Stage lights shine down on a legion of beards. They sprout from Ashfield men young and old, tall and short. Some beards are just wiry tufts, some fluffy and soft like cumulus clouds, some as thick and full as a field of wheat primed for harvest. The beards are black, brown, red, white, gray. and, in contestant Brian Dickinson’s case, spray-painted in stripes of red, white, and blue.
The beard on Ashfield Select Board member Todd Olanyk is trim and black. He scratches it as he rises from his chair and takes the microphone. “Driving around town, there are a lot of people I don’t recognize these days,” he says. “I’m hoping that after tonight they become more recognizable.”
Olanyk pledged to grow a beard this year, as did the 54 other men onstage. Call it hilltown pride — these are full-on farm folk up in Franklin County. The contest, which is held once every 50 years, began when they shaved clean on Jan. 1. Now, much hairier, they are gathered onstage for the semicentennial beard contest, which begins the town’s 250th anniversary weekend.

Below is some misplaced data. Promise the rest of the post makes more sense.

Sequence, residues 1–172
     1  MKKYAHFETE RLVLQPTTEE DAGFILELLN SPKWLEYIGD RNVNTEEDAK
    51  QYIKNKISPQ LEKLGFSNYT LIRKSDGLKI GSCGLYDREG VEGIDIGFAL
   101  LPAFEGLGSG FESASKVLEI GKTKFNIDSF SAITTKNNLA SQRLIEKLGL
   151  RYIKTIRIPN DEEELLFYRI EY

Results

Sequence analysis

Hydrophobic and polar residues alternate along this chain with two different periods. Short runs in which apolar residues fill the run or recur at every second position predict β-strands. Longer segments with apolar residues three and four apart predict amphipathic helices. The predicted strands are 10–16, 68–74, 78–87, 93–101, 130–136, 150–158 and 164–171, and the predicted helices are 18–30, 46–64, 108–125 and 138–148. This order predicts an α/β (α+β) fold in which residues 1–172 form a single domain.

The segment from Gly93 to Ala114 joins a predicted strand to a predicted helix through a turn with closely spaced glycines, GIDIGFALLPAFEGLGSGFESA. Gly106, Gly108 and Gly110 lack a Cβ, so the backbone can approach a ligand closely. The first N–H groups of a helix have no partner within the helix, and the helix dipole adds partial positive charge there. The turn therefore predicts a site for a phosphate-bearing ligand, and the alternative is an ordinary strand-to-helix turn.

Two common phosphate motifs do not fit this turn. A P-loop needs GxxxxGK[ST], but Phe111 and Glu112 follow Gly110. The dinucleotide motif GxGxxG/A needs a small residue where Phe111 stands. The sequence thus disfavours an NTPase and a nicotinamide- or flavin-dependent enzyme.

Most residents weren’t here in 1965 to witness the last round of beard judging. But the quirky competition still speaks to something deep in this hilltown’s DNA, based on the size of Friday night’s turnout. Several hundred people have packed themselves into the bright, high-ceilinged upper level of the town hall. Most sit in tight rows of wooden folding chairs, and dozens stand in the back. The sun is close to setting, and the stuffy air is shot through with bright bolts of light from the large windows. Kids sit cross-legged in the front row. Seats creak. On a table by the entrance rests a sheet of white paper that reads: “Last-minute contestant sign-in.” After welcomes have been given by Olanyk and other local figureheads, including State Rep. Stephen Kulik and Sen. Benjamin Downing, the six judges — all women — get down to business.
Contestants win $100 prizes in several categories: Longest Beard, yes, but also Most Unusual, Most Stylish, Best Father-Son Team, Best Damn Beard Overall, and best beard grown by a man 20 years old or younger.
One by one, each man rises from his seat and waves when his name is called. Then, after a brief deliberation in the other room, the judges return with the results. With each award announced, the assembly applauds wildly. When Gus Ganley stands to accept his win for Best Damn Beard Overall, he plucks a long bird feather from the thick nest below his chin and throws it to the crowd, like a rock star tossing out a guitar pick.
Afterward, everyone pours out onto Main Street. Many are headed to the newly-renovated Ashfield Lake House for a cold pint of celebratory beer and a fresh shave, including contestant Kurt Wigmore. “It feels like a wombat attached itself to my face,” he deadpans, pulling on his beard. “I can’t wait to get rid of this thing.”•
— Hunter Styles, firstname.lastname@example.org